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Constitutional Law I
University of South Carolina School of Law
Crocker, Thomas P.

Constitutional Law I
Crocker
Spring ‘09

1) IS THE JUDICIAL BRANCH TRYING TO DO SOMETHING?
a) Does the court have authority?
i) Express terms of Article 3
ii) Implied
(1) Supreme Court (SC) has power to determine if acts of legislative and executive are void against the constitution (Marbury v Madison[1])
(2) SC can determine constitutionality of both state civil (Martin v Hunters Lessee [2]) and criminal (Cohens v. Virginia) court decisions.
(3) SC is supreme when its interpretation of the constitution is counter to a state’s (Cooper v Aaron [3] derived from Article 6 sec 2)
iii) Limits on authority
(1) Interpretive limits
(a) Theories
(i) Originalism
1. Textual Originalism
a. no need to go beyond text
2. Abstract Originalism
a. can look at text plus what the framers intended at creation
(ii) Traditionalist theory
1. Use our nations traditions to interpret
(iii)Aspirationalism
1. Adapt constitution to modern day understanding
(iv)Ely theory
1. Interpret constitution to reinforce the democratic process
(b) Modes of Interpretation
(i) Historical
(ii) Textual
(iii)Structural (gov’t structure)
(iv)Ethical (morals and values of constitution)
(v) Doctrinal (tradition, precedent)
(2) Congressional limits
(a) Exceptions and Regulations Clause of Article III
(i) Congress has express authority from constitution to limit SC appellate jurisdiction (ex parte McCardle[4])
(b) Seperation of Powers as limit on Congress
(i) Legislature cannot restrict appellate review in an attempt to dictate particular substantive results under existing law. There is some vagueness here because the case establishing this could be interpreted to mean that the legislature cannot restrict the courts jurisdiction when it would be counter to other constitutional provisions. (US v Klein[5] [difficult to reconcile with McCardle])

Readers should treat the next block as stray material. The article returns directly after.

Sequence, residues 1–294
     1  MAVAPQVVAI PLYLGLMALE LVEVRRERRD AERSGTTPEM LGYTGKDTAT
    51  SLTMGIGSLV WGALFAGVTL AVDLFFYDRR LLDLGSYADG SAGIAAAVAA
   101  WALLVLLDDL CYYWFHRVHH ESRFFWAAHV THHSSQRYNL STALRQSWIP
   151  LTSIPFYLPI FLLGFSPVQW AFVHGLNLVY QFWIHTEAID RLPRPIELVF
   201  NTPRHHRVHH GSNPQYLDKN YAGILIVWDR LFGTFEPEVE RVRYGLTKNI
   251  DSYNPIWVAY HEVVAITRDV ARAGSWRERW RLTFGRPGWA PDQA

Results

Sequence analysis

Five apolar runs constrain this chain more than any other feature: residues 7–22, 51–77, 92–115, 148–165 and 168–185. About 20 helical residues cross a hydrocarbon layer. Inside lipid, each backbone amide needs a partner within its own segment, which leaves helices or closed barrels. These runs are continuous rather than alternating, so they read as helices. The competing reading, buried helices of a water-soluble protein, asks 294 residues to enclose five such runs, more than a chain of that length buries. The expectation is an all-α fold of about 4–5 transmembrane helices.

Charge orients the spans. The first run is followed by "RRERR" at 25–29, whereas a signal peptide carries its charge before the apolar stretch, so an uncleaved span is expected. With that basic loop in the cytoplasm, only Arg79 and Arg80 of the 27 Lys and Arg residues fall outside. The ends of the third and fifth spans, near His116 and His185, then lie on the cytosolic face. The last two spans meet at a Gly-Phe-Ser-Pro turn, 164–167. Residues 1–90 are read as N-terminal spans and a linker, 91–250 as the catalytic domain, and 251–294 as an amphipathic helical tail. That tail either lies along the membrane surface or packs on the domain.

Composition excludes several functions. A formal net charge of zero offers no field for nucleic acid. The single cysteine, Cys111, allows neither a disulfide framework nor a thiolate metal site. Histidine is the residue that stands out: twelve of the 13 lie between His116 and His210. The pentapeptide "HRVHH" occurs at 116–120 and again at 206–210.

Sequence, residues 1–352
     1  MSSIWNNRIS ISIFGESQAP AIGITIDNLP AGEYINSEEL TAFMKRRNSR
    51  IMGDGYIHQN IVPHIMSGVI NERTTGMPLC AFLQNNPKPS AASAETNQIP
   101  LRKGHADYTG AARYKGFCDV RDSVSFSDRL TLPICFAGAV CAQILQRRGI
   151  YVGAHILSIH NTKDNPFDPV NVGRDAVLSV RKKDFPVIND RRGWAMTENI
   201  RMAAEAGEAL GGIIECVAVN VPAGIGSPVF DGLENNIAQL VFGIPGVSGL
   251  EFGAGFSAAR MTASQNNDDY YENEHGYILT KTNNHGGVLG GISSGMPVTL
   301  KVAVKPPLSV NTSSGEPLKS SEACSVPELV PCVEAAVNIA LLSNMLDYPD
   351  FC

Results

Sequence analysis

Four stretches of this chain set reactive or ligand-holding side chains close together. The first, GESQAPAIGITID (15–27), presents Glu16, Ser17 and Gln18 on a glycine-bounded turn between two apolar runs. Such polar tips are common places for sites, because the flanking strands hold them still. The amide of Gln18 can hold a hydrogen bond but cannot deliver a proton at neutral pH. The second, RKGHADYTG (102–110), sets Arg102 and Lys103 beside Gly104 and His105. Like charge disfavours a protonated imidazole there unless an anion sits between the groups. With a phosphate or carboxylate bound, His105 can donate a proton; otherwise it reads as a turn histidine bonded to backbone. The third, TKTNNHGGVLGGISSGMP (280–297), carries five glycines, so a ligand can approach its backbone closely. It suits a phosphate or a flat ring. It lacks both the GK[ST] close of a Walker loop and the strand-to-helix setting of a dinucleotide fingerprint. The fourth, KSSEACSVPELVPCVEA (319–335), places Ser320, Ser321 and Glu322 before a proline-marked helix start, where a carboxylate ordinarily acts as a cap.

(3) Justiciability limits
(a) Constitutional limits
(b) Prudential limits (self-imposed/may be preempted by legislation)
b) Can the court hear a case?
i) Court cannot grant advisory opinions (Must be a case or controversy per Article III)
(1) A case which leaves the ultimate discretion to another branch of gov’t is advisory (Hayburn case)
(2) The legislature cannot turn a final judgment into an advisory opinion by making the case up for review again or directly overturning it (Plant v. Spendthrift) (this does not mean that the legislature cannot preempt substantive law, only that it cannot change a final judgment in a particular case)
ii) Does the party have standing?
(1) Constitutional requirements derived from Article III
(a) Injury
(i) Courts have refused to recognize certain things as injuries
1. Injuries to common law, constitutional, and statutory rights are always sufficient
(ii) Must be either actual or imminent(Lujan v Defenders of Wildlife[7])(City of LA v Lyons)
(b) Causation (Mass. v EPA [8])
(i) Cannot be indirect or be the result of an intervening actor (Allen v Wright[6])
(c) Redressability (prior to allen v wright this was treated as the same as causation) (Prior to Allen, warth v seldin made it either causation or redressability)
(i) There must be a cure available to the court to fix the problem
(2) Prudential requirements
(a) A party can only assert her own rights and not that of a third party
(i) Unless
1. The relationship to the third party is very close (doctor for patient [Singleton v Wulff], school for students, vendor for customer [Craig v Boren])
2. The third party is unable to sue (Barrows v Jackson)